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St. Ignatius College Preparatory, San Francisco
  • Rethinking Africa: The staff of the African Advocacy Network includes Joe Sciarrillo, pictured here with Jean Elias Xavier, Director Aboudou Traore, Charles Jackson and Clementine Ntshaykolo outside their office in the Dolores Street Community Services building. They help a growing number of African immigrants to the Bay Area who may number as many as 50,000.
  • Retiring Pillars: SI’s faculty surprised Fr. Sauer in May with applause and flowers after the announcement of his reassignment.
  • The SI boys’ lacrosse team enjoyed what may have been best year since its founding nearly a quarter century ago. The lacrosse press ranked the team among the top 15 in the nation as SI turned in another undefeated season in league play – its fourth undefeated season since it joined the WCAL in 2010.
  • Richard Driscoll ’06, a performance engineer for Oracle Team USA that will defend the America’s Cup in September, is among the few locals hunkering down in Pier 80 off Marin Street, where they work 65-hour weeks to make sure that Ellison’s boat sails twice as fast as the wind and maneuvers with precision and power as it takes on challengers from around the world.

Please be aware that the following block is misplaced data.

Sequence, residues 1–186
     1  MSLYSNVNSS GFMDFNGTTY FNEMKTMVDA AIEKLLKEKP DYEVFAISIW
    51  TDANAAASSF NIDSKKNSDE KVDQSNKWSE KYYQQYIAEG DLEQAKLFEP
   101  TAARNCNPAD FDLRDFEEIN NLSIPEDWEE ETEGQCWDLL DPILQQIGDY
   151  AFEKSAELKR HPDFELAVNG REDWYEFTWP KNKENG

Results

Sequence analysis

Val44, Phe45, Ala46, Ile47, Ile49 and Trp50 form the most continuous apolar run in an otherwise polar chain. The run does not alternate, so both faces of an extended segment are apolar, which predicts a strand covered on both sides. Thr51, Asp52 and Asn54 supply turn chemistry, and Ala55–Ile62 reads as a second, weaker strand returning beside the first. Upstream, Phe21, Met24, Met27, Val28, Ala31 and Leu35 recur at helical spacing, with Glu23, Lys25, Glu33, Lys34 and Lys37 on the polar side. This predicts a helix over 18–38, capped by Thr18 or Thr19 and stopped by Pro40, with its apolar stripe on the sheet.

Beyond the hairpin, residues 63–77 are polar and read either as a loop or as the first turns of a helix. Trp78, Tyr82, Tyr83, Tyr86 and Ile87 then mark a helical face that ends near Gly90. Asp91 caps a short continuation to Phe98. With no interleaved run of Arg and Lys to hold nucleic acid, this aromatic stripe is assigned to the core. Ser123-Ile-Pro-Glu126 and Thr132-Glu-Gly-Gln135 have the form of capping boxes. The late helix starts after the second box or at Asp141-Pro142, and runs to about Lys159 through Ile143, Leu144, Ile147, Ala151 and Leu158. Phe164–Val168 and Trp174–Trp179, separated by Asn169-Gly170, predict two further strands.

• Retiring Pillars: Since the 1970s, Mary McCarty made sure Latin was a living language for students in her classes.
  • Rethinking Africa: Ira Shaughnessy ’00 spent two years in Ghana from 2007 to 2009 working with the Bormase helping with the cultivation of the Moringa tree, whose leaves are rich in vitamins.



Entitlement at the Grammys

Charles Keiser '14
Managing Editor 

The Grammys don’t want to be labeled a popularity contest, but they’re not doing much to discourage the label. These days, it seems like a Top 10 Billboard placing is required to compete; almost every nominee has one. The smaller categories also feel unbalanced. Imagine Dragons and Skrillex are the only household names in their fields, so they get Grammys. Newcomers find it hard to beat old favorites like Usher, Jay-Z, Carrie Underwood, and any ‘70s rock band.

Basically, if you sing or rap and you’re rich and famous, you’re automatically entitled to a Grammy. Does it matter that “Single Ladies” won Best Song of 2010 despite coming out in ’09? People love Beyoncé, so just give her the trophy.

The award usually goes to a very popular performer of disputed quality, like Taylor Swift, instead of a clearly talented but less popular artist like Janelle Monáe. Monáe has been in the Top 10 and made one of 2013’s best albums, but she wasn’t even nominated.

It’s safe to bet on the song you’ve heard 100 times, like “Royals” or “Get Lucky.” Just bet on the album that shipped millions of copies, like Adele’s 21 or whatever Mumford & Sons did last year.

True, lesser-known artists aren’t entitled to exposure any more than street musicians are entitled to your money. Still, it’s hard not to notice favoritism, even dishonesty, in the Grammys. As long as the hit system keeps up, I wouldn’t expect the show to hold any real surprises.

The Grammy trophy itself!

Posted by on Sunday March, 2, 2014


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